PORTLAND, ME – Active waterfronts fuel coastal economies from Maine to Alaska, but demographic and financial changes threaten to transform America’s working shorelines. On Thursday, September 30, US Representative Chellie Pingree will charge working waterfront advocates with creating a national strategy for protecting and enhancing access for fishing, boating, and marine industries as part of the Working Waterways and Waterfronts National Symposium on Water Access.
Building on the inaugural symposium in Norfolk, Virginia, in 2007, participants at the Maine conference will learn about the economic, social, cultural, and environmental values of waterfronts, and the important role of water-dependent uses in sustaining coastal communities. Representatives from 21 states will present local and regional solutions for addressing water access challenges.
The tone for the conference—and charge for those attending to identify a national strategy for working waterways and waterfronts—will be set by Dr. Larry Robinson, deputy administrator for the National Oceanic and Atmospheric Administration, and by US Senator Susan Collins. Robinson, who is familiar with working waterfronts throughout the southeastern US, helps guide policy and program direction for NOAA’s conservation, protection and resource management priorities.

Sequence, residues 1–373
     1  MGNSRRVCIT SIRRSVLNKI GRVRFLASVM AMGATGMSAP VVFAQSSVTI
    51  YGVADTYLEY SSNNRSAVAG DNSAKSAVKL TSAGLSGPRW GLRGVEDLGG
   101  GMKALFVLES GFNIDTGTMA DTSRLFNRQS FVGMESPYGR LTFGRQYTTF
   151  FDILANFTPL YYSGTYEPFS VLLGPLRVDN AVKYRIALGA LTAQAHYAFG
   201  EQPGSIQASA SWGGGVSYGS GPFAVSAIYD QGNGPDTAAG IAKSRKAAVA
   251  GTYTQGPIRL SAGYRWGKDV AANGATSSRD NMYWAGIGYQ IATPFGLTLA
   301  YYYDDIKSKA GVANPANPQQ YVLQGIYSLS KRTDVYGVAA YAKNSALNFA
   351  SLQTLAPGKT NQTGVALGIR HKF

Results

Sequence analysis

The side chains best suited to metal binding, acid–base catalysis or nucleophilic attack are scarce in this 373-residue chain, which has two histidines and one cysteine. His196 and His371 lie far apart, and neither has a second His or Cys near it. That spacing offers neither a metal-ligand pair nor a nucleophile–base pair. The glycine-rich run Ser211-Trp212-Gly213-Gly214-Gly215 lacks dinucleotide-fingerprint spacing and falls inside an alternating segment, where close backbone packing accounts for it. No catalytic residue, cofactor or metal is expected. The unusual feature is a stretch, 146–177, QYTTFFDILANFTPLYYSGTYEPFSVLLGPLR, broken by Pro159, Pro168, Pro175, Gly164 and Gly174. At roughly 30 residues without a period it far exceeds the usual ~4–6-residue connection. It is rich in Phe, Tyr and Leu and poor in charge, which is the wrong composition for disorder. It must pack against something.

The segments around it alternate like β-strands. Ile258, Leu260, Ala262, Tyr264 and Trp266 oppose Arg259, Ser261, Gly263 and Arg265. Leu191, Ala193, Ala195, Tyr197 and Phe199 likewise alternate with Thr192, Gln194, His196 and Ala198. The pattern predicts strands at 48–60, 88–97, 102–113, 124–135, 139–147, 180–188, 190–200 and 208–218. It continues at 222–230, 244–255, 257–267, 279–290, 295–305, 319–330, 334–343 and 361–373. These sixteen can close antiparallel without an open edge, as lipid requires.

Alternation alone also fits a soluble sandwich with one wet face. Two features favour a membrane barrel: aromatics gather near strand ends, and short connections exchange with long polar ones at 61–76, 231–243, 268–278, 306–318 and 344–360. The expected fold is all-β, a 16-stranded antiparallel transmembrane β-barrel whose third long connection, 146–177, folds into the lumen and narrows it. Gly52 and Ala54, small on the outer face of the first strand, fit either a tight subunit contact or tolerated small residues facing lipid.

“Dr. Robinson will get the conference off to an exciting start,” said conference chair and lead organizer Natalie Springuel of Maine Sea Grant, noting that Maine was selected to host the second symposium because of the state’s leadership on working waterfront issues.
That leadership will be evident during a walking tour of the Portland waterfront on Tuesday, September 28. As reported by The New York Times, debate over what types of businesses belong on the Portland waterfront has heated up in recent months, a conflict that is familiar to coastal communities throughout the United States.
“The City of Portland is the ideal backdrop for designing a strategy to protect working waterfronts at the national level,” said Rep. Pingree. Both Pingree and Collins have sponsored bills that would create a federal funding mechanism for economically valuable waterfronts.
Other topics to be discussed during the three-day symposium include the effects of natural and man-made disasters on commercial fishing access along the Gulf Coast, integrating smart growth elements into waterfront planning, and waterfront diversification.
For more information and to register, visit www.wateraccessus.com.